By Nicole St. Pierre As the peak summer flying season approaches, don't count on runways being any less congested than they were a year ago. Little in aviation has changed since the tumultuous summer of 2000, when one in four airline flights was delayed more than 55 minutes -- or canceled, according to the Transportation Dept.
Of course, frustrated fliers are hoping this will be the year lawmakers finally give them some relief. But instead of looking for ways to tackle aviation's most crippling problems, lawmakers are introducing dozens of bills aimed at so-called passenger rights. Sounds good, but that's as far as it goes. "Lawmakers are blurring the root of the problem, which is air-traffic control and no new airport expansion," says Faye Malarkey, chief lobbyist at the Regional Airline Assn. in Washington, which represents regional carriers.
Despite projections that passenger traffic would swell in 2000, not one drop of concrete has been poured for new runways this year. No state-of-the-art equipment has replaced the antiquated gadgets that outfit most air-traffic-control towers today. Add to that the 6% increase in regional jets competing for runway space this year, the fact that airlines persist in overbooking during peak flying times, and the four pending labor strikes that could simultaneously come to head -- and suddenly, last summer's travel horrors could look positively benign.
TACKLE OVERSCHEDULING. What can Congress do? At the very least, lawmakers should step in and limit the number of take-off and landing slots allowed at airports on a given day. Take the Dallas/Fort Worth airport. On average, 57 flights are scheduled in a 10-minute period around the 6 p.m. rush hour. The airport's capacity is 35 flights. Even if the weather is perfect from coast to coast and no equipment problems crop up, 22 flights would automatically be delayed.
Alas, beyond that, there's little that could save travelers from more delays this summer. President George W. Bush recognizes that the priority should be more runway construction. In the past 15 years, only two new runways have been built at U.S. airports. During that time, passenger travel has rocketed 400%, according to Transportation Dept. estimates.
Last year, Congress did give $10 billion in extra funding to boost construction. Problem is, environmental regulations have prevented port authorities from getting the O.K. to lay a yard of new tarmac. (Many airports are located in flat, wetland areas.) Republicans are expected to push through a bill that would streamline the environmental regulations, but they could face Democratic opposition. It's time for both sides to come to a compromise that both speeds up runway construction and protects sensitive wetland areas.
Another Bush priority: modernizing air-traffic-control operations. By turning the air-traffic-control arm of the Federal Aviation Agency over to a private nonprofit corporation, new technology could be brought to the market faster, the Bush Administration says. Sounds on target. But then Bush has put in place a Democratic Transportation Secretary who is adamantly opposed to privatizing this area. Bottom line: Don't count on any FAA reforms soon.
TROUBLESOME SHORTCUT. President Clinton took his shot at making the agency more efficient before leaving office. In December, he issued an executive order that gave the FAA leeway to skip the drawn-out government-procurement process and bring new technology to control towers faster. At the time, federal lawmakers applauded the idea. But when the FAA signed a multimillion-dollar contract in March with Lockheed Martin without opening the bidding to other companies, some of those same lawmakers blasted the agency for acting too hastily.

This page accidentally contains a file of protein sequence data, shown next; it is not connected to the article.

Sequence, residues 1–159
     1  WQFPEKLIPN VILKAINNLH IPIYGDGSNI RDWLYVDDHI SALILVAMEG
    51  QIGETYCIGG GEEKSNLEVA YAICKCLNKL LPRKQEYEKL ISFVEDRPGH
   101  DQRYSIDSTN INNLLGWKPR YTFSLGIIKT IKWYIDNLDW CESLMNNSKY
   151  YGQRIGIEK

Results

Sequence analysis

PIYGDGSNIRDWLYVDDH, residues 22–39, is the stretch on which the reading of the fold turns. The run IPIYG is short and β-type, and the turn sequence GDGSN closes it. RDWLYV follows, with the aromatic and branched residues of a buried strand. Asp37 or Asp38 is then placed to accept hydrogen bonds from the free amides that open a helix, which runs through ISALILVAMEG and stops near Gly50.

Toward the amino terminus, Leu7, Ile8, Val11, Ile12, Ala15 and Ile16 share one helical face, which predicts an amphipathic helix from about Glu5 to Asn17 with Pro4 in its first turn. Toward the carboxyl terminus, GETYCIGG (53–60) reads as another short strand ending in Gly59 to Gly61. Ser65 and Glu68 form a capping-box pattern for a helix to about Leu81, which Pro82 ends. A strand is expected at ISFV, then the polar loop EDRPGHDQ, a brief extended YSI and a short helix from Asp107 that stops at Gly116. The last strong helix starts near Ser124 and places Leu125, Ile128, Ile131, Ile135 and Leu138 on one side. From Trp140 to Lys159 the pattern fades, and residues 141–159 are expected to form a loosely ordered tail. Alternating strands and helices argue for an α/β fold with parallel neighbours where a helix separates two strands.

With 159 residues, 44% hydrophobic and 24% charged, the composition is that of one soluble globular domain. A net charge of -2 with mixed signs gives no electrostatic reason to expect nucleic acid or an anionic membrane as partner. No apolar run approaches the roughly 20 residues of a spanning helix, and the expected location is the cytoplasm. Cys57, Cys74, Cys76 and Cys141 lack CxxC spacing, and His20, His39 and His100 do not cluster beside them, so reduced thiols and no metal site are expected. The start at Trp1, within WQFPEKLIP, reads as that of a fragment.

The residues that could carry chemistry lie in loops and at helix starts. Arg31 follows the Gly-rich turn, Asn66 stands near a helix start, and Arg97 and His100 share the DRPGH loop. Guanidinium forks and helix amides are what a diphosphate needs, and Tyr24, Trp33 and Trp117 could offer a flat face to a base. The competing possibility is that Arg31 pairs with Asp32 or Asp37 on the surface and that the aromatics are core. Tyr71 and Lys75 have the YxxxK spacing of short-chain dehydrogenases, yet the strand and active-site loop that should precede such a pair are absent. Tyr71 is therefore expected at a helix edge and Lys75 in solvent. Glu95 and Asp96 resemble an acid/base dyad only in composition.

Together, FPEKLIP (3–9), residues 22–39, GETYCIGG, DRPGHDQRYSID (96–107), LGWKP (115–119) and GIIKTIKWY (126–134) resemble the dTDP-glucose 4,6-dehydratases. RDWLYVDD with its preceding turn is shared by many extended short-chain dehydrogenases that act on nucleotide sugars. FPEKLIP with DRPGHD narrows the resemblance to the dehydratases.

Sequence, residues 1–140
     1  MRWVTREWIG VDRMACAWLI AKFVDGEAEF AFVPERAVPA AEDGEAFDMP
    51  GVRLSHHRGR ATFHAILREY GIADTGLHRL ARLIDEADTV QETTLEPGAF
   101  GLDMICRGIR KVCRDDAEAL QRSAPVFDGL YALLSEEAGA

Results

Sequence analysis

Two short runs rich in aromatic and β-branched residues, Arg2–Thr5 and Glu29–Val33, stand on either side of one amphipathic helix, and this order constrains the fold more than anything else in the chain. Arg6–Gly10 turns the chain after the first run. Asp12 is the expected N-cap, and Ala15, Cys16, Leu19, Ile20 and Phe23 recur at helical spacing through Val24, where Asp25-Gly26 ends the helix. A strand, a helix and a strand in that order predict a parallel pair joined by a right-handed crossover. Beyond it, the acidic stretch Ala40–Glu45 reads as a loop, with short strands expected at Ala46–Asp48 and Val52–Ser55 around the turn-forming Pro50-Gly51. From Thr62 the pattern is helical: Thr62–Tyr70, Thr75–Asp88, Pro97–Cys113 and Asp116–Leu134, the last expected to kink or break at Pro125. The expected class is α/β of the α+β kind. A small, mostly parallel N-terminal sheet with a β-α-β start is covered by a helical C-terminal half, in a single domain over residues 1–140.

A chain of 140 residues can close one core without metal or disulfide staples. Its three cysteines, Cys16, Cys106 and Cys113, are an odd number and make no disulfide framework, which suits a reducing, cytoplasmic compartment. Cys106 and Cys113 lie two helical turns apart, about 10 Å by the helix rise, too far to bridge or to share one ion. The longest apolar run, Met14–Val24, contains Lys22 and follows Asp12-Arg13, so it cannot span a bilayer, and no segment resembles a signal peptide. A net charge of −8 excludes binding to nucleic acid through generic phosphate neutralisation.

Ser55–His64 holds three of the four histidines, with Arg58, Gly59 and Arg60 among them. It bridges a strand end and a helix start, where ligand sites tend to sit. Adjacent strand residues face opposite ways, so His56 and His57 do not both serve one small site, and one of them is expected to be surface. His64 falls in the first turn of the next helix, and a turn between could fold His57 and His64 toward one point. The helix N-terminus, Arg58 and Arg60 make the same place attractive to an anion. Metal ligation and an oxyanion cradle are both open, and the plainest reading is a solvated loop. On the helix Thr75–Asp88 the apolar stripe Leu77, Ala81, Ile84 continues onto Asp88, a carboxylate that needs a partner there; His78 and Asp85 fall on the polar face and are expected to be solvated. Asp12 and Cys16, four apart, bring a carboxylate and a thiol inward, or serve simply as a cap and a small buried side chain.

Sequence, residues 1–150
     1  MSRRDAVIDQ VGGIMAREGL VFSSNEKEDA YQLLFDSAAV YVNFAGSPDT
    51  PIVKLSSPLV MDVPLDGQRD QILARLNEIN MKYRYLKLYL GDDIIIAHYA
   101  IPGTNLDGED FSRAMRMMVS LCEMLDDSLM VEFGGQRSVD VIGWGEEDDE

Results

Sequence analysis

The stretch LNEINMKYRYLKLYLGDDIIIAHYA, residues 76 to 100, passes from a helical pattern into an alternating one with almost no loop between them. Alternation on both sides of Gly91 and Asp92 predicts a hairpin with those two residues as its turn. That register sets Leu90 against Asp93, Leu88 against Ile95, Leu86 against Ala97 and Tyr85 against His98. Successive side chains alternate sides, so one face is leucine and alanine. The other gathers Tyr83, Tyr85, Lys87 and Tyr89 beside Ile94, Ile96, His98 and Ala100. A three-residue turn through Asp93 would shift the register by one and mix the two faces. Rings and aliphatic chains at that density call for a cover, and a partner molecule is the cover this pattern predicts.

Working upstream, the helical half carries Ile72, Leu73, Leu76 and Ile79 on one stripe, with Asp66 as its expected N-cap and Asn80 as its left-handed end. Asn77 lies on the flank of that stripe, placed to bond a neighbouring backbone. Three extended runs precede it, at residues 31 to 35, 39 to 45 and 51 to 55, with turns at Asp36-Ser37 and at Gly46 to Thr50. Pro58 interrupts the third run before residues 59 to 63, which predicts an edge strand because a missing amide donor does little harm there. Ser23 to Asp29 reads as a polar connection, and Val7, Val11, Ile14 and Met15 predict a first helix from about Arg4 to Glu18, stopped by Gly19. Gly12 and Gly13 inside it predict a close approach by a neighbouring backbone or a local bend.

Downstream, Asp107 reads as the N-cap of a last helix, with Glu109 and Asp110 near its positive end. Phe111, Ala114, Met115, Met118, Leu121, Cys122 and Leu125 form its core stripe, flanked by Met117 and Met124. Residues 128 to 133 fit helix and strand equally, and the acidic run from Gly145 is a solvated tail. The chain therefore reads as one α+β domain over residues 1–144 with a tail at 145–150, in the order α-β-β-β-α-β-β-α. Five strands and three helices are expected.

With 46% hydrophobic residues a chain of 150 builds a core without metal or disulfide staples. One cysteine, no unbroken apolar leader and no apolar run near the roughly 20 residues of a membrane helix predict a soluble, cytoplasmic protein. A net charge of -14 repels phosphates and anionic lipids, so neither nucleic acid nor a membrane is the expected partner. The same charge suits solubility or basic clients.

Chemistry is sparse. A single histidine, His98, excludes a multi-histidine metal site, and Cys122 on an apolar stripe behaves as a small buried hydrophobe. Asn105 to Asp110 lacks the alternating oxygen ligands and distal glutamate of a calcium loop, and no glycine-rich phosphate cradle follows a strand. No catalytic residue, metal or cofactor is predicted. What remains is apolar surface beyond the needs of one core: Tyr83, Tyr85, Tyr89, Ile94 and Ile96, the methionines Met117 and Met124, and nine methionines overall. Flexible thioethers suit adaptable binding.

Transportation Secretary Norman Mineta says charging airlines steep fees to use airports during peak hours -- so called congestion pricing -- would ease delays. Probably -- but the Transportation Dept. has been studying that idea for more than four years now. So far, it hasn't gotten off the ground, most likely because regional airlines, like Air Tran and Frontier, are screaming that they don't have the financial heft to compete with the Big Six carriers for rush-hour slots.
Let's face it. Limiting airport slots would take political guts. Major airlines would likely use big lobbying guns to fight any such restriction. Last year, when Congress was focusing on lousy customer service, the Big Six gave more than $7 million in campaign contributions, vs. the $3.8 million the entire industry gave in the 1996 Presidential election year.
TOOTHLESS MEASURE. Is there any hope at all for tired and grumpy fliers? Lobbyists predict that the aviation bill most likely to taxi its way through Congress will be Senator John McCain's (R-Ariz.) Airline Customer Improvement Act. The bill gives peeved passengers the right to bring breach-of-contract lawsuits against airlines when service is too terrible. Never mind the profusion of finger-pointing between airlines and air-traffic controllers so that it would be almost impossible to prove who's to blame for a flight delay. Not to mention that it would take years and a lot of dough to battle a major airline in court. "The McCain bill, as far as it goes, is fine, but that's not the complete solution in our view," says Paul Ruden, senior vice-president of the American Society of Travel Agents.
The sad fact is that while the intent to improve airline customer service is a good one, the parade of customer-service legislation moving through Congress this session would do little to improve flying conditions. Until Congress and the White House display the courage to address what's really behind the delays, you can expect more awful summers at the airport. St. Pierre covers aviation and transportation issues for BusinessWeek in Washington